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Shading by Spherical Linear Interpolation using De Moivre's Formula
Uppsala University, Disciplinary Domain of Science and Technology, Mathematics and Computer Science, Centre for Image Analysis. Uppsala University, Disciplinary Domain of Science and Technology, Mathematics and Computer Science, Department of Information Technology, Computerized Image Analysis.
2003 (English)In: WSCG03, 57-60 p.Article in journal (Refereed) Published
Place, publisher, year, edition, pages
2003. 57-60 p.
URN: urn:nbn:se:uu:diva-91512OAI: oai:DiVA.org:uu-91512DiVA: diva2:164274
Available from: 2004-04-06 Created: 2004-04-06 Last updated: 2010-03-01Bibliographically approved
In thesis
1. Improved Algorithms for Fast Shading and Lighting
Open this publication in new window or tab >>Improved Algorithms for Fast Shading and Lighting
2004 (English)Doctoral thesis, comprehensive summary (Other academic)
Abstract [en]

Shading is a technique that is used in computer graphics to make faceted objects appear smooth and more realistic. In the research presented in this thesis we have investigated how shading can be generated as efficiently as possible without sacrificing quality.

In the classical approach to high quality shading proposed by Phong, the illumination equation is computed per pixel using an interpolated normal. The normals at the vertices are bi-linearly interpolated over the polygon to obtain a normal per pixel. Correct shading requires normalization of these normals, which is computationally demanding involving a square root. In our research we have shown how this normalization can be eliminated through the use of spherical interpolation and the Chebyshev recurrence formula, reducing the calculation to a few single arithmetic operations per pixel.

Still a substantial setup operation is needed for each scanline. We have studied how also this can be made more efficient, with some limited progress so far. An alternative approach is to do the most of the setup on polygon level and incrementally compute the setup needed per scanline. In particular, we have studied quadratic shading approaches, i.e. fitting second degree surfaces to the polygons. The most successful approach has been through what we have called X-shading, where the setup is calculated by using an efficient approximation for the mid-edge normals. This setup is about four times faster than previously known methods.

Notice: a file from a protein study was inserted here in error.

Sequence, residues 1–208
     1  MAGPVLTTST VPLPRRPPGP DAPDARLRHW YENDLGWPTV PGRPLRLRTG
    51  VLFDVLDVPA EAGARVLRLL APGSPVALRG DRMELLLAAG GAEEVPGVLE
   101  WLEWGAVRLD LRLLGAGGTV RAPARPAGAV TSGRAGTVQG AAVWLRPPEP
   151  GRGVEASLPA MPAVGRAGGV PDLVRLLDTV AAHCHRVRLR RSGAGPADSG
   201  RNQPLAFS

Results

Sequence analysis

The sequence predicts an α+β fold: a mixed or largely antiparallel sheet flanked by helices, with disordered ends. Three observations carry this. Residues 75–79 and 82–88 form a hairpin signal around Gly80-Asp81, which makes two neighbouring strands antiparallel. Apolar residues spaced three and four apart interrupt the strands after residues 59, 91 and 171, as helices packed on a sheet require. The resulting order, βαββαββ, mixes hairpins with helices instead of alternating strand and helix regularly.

In the process of studying shading methods we have also made some contributions to improving bump-mapping and simulation of different kinds of light sources.

The developed methods will be of interest in future generations of computer graphics software and hardware systems, ranging from high end systems to generate realistic movies and 3D games, to handheld devices such as mobile phones with graphics displays.

Place, publisher, year, edition, pages
Uppsala: Acta Universitatis Upsaliensis, 2004. 116 p.
Comprehensive Summaries of Uppsala Dissertations from the Faculty of Science and Technology, ISSN 1104-232X ; 955
Datavetenskap, Computer Graphics, Datavetenskap
National Category
Computer Science
urn:nbn:se:uu:diva-4135 (URN)91-554-5916-1 (ISBN)
Public defence
2004-04-29, Häggsalen, Ångströmslaboratoriet, Polacksbacken, Uppsala, 10:15
Available from: 2004-04-06 Created: 2004-04-06Bibliographically approved

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